This ‘N That Thursday


Today we are joining 2 Brown Dawgs for their This ‘N That Thursday’s blog hop!

This is what she has to say about the hop,

“A little of this and a little of that and everything in between…

Wednesday’s Trip To The Vet.

I took Gambler to Spring Harbor Animal Hospital to have his hips and elbows x-rayed. The x-rays were then submitted to OFA (Orthopedic Foundation for Animals) where he will get a rating of either Excellent, Good or Fair on his hips and hopefully not a dysplastic rating. He will either get Normal or Grade 1, 2 or 3 his elbows. You can do preliminary x-rays starting at 4 months up until 24 months. You get a rating on the x-rays but the rating is not entered into the database until the dog is 24 months or older and the x-rays are retaken. This is the age that OFA states the hips are fully developed and if there is a problem you should see it by this age. I didn’t do preliminary x-rays on Gambler. He turned 24 months this past Monday so I took him in on Wednesday.

2013-05-15 08.42.58

2013-05-15 08.44.53

The OFA Mission: To promote the health and welfare of companion animals through a reduction in the incidence of genetic disease

If you are going to be breeding dogs that have a genetic predisposition to hip dysplasia then you should be a responsible breeder and have OFA xrays done. If you are going to do performance events on your dog it is a good idea to have the hips and elbows xrayed to make sure they are sound. They don’t have to be sent into OFA xrays but a veterinarian should evaluate them.

Link to OFA breeders guidelines.

Copied from the OFA website:

Radiographs of animals 24 months of age or older are independently evaluated by three randomly selected, board-certified veterinary radiologists from a pool of 20 to 25 consulting radiologists throughout the USA in private practice and academia. Each radiologist evaluates the animal’s hip status considering the breed, sex, and age. There are approximately 9 different anatomic areas of the hip that are evaluated.Anatomic areas of the hip evaluated for HD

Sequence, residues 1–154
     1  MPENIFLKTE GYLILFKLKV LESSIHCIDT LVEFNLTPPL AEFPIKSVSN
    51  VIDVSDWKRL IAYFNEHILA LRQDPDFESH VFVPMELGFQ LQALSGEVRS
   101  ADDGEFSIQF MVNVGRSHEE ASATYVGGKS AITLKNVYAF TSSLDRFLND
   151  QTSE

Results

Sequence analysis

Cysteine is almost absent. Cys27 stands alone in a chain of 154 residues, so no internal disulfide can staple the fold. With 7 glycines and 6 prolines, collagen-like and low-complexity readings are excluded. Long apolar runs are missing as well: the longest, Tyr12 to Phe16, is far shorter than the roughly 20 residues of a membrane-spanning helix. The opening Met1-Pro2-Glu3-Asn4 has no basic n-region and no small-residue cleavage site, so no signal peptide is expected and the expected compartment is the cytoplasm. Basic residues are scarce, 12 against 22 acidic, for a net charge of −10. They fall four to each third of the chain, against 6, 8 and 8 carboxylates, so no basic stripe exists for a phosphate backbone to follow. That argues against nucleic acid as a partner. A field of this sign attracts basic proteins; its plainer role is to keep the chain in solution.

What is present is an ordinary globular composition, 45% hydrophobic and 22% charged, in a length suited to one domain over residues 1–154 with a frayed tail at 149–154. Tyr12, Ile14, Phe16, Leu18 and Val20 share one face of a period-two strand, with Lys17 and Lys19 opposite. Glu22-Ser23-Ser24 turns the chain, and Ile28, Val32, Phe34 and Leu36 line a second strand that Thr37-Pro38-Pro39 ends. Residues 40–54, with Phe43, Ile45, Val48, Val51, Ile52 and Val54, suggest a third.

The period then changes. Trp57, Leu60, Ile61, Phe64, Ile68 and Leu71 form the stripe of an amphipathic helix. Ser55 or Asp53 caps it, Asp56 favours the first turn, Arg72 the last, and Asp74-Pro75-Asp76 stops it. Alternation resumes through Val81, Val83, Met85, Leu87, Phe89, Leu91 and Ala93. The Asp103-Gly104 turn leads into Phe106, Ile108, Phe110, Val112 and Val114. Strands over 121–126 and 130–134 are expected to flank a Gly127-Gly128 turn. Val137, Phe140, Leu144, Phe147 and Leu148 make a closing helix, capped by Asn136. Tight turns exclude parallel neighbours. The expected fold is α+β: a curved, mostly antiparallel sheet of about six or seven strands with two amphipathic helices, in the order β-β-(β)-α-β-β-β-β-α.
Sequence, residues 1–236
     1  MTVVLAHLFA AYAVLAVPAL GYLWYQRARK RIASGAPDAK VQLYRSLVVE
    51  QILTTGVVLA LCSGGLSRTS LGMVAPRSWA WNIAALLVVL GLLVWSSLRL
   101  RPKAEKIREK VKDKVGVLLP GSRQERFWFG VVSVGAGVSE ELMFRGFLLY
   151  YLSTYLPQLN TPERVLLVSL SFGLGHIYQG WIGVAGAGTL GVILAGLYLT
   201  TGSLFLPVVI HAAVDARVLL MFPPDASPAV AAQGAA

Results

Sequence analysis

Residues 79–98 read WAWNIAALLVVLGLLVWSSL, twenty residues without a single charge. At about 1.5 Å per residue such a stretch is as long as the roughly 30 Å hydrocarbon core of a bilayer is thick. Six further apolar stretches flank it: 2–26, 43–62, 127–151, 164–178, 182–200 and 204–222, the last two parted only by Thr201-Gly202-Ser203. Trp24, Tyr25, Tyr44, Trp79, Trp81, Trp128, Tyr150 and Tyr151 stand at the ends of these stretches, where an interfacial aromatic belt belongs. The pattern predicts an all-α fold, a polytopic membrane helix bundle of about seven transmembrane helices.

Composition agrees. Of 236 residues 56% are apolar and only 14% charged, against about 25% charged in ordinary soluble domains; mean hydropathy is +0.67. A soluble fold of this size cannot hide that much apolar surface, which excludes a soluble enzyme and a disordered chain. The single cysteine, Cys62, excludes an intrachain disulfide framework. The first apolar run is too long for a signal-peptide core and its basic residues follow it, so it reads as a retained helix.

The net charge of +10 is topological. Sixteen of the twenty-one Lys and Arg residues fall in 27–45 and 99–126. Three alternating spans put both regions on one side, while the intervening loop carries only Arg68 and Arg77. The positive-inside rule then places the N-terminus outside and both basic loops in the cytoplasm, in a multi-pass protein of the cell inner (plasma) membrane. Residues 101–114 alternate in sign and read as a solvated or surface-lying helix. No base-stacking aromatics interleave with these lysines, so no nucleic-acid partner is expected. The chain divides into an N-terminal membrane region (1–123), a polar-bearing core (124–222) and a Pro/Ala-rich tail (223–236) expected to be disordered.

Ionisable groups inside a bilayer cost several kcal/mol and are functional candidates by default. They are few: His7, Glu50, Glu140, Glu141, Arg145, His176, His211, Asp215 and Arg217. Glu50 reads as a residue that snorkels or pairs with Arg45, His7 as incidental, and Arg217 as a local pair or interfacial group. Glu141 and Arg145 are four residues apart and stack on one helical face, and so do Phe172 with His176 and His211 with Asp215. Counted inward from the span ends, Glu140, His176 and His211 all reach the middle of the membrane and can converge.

1. Craniolateral acetabular rim
  2. Cranial acetabular margin
  3. Femoral head (hip ball)
  4. Fovea capitus (normal flattened area on hip ball)
  5. Acetabular notch
  6. Caudal acetabular rim
  7. Dorsal acetabular margin
  8. Junction of femoral head and neck
  9. Trochanteric fossa

The radiologist is concerned with deviations in these structures from the breed normal. Congruency and confluence of the hip joint (degree of fit) are also considered which dictate the conformation differences within normal when there is an absence of radiographic findings consistent with HD. The radiologist will grade the hips with one of seven different physical (phenotypic) hip conformations: normal which includes excellent, good, or fair classifications, borderline or dysplastic which includes mild, moderate, or severe classifications.

Seven classifications are needed in order to establish heritability information (indexes) for a given breed of dog. Definition of these phenotypic classifications are as follows:

  1. Excellent
  2. Good
  3. Fair
  4. Borderline
  5. Mild
  6. Moderate
  7. Severe

(See What Do Hip Grades Mean for more detail on the classifications)

The hip grades of excellent, good and fair are within normal limits and are given OFA numbers. This information is accepted by AKC on dogs with permanent identification and is in the public domain. Radiographs of borderline, mild, moderate and severely dysplastic hip grades are reviewed by the OFA radiologist and a radiographic report is generated documenting the abnormal radiographic findings. Unless the owner has chosen the open database, dysplastic hip grades are closed to public information.

2013-05-15 08.54.10

They don’t sedate the dogs unless absolutely necessary, they do muzzle as that has a calming effect on the dogs. They use digital x-rays so the x-ray came up on the screen for us to see. You can see that the gentleman (Dr. Link) needed to turn in Gamblers knees towards each other to get his knee caps to be aligned straight up and down. This puts the hips into position.